When she got there, she headed toward the first trap. Today, it was empty, but had still been tugged on. Adeline sighed, and reset it. Then, she moved to the next. And then the next. She came to the final trap, and found a rabbit there, squirming. Adeline straightened herself, and looked down on the creature. It was overtaken by fear, and was staring at her, almost paralyzed, eyes wide, quivering. Adeline had seen this before. She had seen it the previous night, during her ‘dream’. The rabbit’s face and body language mirrored Reagan’s. Adeline felt a pang of guilt, and stood there for a few moments, watching it. After a while, it become too much, and she knelt down beside it, taking its neck in her hands to steady it. She could feel the blood pounding beneath the skin, she could feel its body shaking uncontrollably. With her other hand, Adeline raised the rock, and swung it down toward the rabbit. She shut her eyes as she did so, turning her head away slowly.
She heard the dull crack as the rabbit’s skull snapped. She also became aware of the warm blood that was slowly dribbling on to her hand. Adeline took a shaky breath, putting down the rock and opening her eyes. She tried not to linger on the mashed form of its head, instead just working to get the wire ring from around its neck. She ended up cutting it off, and replacing it with a newer, cleaner piece. Then, she stood up, holding the rabbit by its back legs, and started off back to her house.
She took the rabbit into the shed, and put it down on the small table. She left her back by the door, taking off her coat. Her hands were slowly being stained a deep red. She tried to distance herself as she skinned the rabbit, trying to forget what she was doing, trying to forget the warmth that was slowly seeping out of the dead rabbit, trying to focus on something else, like the gentle patter of the rain on the roof of the shed, trying to imagine herself somewhere else. She told herself that she was watching somebody else skin a rabbit, trying to forget how similar this felt to the previous night.
The more she dwelled on it, the more her nightmare seemed real. She’d heard about real-life experiences that started to feel like dreams after a while. She hadn’t heard of a nightmare that started to feel all the more real.
Once again, she took in the meat that she had taken from the rabbit, putting it with the remainder of yesterday’s, before heading back out to leave the corpse for the foxes. By the time she went back inside, she had two hours before she needed to go back to the village square. Two hours before she’d find out who was going to be killed. She washed her hands, and found a book to read.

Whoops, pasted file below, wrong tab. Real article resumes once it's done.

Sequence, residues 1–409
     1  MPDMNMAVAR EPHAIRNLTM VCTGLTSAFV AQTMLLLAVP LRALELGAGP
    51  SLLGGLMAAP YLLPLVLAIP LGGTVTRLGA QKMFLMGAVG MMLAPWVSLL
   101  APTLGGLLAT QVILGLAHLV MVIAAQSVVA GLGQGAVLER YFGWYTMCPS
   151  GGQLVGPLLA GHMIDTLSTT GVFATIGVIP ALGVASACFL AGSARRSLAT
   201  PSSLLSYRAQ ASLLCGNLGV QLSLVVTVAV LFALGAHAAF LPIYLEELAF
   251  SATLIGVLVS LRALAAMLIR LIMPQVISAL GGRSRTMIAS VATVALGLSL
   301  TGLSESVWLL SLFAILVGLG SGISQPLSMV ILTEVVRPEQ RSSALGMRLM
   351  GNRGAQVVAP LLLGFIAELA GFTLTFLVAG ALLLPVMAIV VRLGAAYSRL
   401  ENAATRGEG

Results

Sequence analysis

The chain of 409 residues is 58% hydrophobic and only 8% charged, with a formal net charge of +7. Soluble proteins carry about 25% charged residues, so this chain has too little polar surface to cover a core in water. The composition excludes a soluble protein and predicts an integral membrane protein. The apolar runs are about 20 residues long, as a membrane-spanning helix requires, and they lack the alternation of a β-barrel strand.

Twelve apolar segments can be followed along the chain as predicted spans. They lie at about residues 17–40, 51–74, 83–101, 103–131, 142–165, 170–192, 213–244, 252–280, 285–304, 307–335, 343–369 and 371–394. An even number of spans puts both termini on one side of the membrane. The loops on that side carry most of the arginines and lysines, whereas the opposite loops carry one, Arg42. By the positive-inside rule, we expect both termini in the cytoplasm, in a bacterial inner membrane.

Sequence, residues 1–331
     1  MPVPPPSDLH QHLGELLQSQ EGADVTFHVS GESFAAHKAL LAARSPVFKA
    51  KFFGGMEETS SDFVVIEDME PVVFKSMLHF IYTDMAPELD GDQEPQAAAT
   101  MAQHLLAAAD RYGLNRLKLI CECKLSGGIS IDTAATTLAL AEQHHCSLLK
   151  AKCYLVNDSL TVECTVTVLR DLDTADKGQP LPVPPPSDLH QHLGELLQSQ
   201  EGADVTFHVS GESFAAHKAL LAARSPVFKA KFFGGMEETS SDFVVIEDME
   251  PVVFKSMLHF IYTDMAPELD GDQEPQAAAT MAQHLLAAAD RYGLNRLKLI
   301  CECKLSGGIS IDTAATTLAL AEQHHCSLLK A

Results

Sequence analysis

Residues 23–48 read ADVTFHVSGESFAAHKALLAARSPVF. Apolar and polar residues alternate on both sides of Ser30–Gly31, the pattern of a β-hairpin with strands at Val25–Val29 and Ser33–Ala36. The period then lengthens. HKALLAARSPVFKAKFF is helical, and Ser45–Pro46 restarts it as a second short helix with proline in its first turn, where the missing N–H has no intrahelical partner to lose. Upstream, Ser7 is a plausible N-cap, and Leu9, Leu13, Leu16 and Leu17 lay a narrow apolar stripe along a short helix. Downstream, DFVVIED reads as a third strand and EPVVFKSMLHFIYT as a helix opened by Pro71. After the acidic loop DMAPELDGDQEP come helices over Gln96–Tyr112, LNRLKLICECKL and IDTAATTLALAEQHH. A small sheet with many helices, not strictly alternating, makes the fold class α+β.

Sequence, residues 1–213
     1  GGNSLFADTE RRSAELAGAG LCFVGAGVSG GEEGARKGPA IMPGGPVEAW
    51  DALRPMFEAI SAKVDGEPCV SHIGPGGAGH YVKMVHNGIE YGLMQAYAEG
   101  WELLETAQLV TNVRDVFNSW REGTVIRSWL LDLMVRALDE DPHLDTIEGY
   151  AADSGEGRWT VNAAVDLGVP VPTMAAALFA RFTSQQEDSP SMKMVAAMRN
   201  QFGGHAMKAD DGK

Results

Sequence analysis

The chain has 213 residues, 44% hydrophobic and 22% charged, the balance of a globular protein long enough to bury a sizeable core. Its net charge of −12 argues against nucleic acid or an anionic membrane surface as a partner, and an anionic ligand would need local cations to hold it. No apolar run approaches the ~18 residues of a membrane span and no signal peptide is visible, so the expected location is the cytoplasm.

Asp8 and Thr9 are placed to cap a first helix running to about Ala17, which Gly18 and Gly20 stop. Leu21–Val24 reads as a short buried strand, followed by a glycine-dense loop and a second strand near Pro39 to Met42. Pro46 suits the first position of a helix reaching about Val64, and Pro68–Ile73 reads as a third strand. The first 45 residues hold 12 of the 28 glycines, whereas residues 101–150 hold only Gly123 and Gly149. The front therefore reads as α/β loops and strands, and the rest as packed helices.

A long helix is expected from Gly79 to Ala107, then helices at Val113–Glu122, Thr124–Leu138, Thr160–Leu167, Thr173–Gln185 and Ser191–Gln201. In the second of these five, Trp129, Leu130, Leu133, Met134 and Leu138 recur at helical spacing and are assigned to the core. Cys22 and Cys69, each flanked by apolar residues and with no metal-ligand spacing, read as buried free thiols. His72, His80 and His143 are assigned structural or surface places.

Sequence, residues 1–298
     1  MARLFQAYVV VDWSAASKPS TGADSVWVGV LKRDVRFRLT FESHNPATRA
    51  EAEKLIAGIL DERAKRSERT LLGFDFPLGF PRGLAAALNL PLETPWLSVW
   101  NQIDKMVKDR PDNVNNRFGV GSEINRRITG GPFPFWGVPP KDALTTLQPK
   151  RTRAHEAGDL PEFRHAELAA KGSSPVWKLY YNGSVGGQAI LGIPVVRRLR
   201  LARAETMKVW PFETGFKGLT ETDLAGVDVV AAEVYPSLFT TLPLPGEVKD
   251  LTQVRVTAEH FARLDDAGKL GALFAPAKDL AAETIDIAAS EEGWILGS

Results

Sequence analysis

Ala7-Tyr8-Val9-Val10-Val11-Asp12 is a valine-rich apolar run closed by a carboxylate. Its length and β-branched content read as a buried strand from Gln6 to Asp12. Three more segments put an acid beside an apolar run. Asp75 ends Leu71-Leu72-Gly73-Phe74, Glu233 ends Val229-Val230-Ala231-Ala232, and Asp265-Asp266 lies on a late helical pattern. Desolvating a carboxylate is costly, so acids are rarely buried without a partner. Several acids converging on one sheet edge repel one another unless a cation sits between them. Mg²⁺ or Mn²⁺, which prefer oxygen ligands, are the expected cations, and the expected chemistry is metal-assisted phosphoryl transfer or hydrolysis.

The next time she looked up at the clock, it was nearing five. Adeline sat up begrudgingly, putting her book down on the coffee table, and heading back toward the door. The rain had slowed to drizzle. She pulled on her boots, and headed outside, not bothering with a coat.
It didn’t take her particularly long to get back to the village square. She lived much closer to it than Keegan did. She waited around a few minutes longer as more people gathered, until they were all there. Today had been a fairly tame day compared to others. Life in the village was gradually started to settle down as people grew accustomed to how they should live.
Aeron stepped up on to the platform. Once more, the hanging post had been put up. A rope and box were also there. Everybody avoided looking at them, and were glad to have Aeron to watch instead.
“So, hello everyone. I’m guessing I don’t need to say anything before we get to work.” He took a deep breath. “Today’s vote is Rouben-”
Adeline jumped when she heard the protests. “No! No I won’t go! I’m innocent god damnit!”
Aeron waited for a few moments. “But we also got the same amount of votes for Christina. So you two… have to draw a straw each to see who’ll be hanged.” Rouben was quiet, quickly searching the crowd for Christina.
Adeline felt a pang in her heart. She didn’t want Christina to die. All the time in the facility as her room mate had made the woman grow on her. She turned her head the other way as Christina and Rouben both stepped up on to the stage. Christina didn’t seem particularly bothered as Aeron picked up a box from behind him. There were ten straws sticking out from the top. He held it out between the two. “Whoever draws the shortest straw will be hanged.” He held a hand over them, stopping the two from picking just yet. “Ready?” Both Rouben and Christina nodded, the latter after a slight delay. “Alright then. Go!” He pulled his hand back and both grabbed a straw, pulling it out of the box.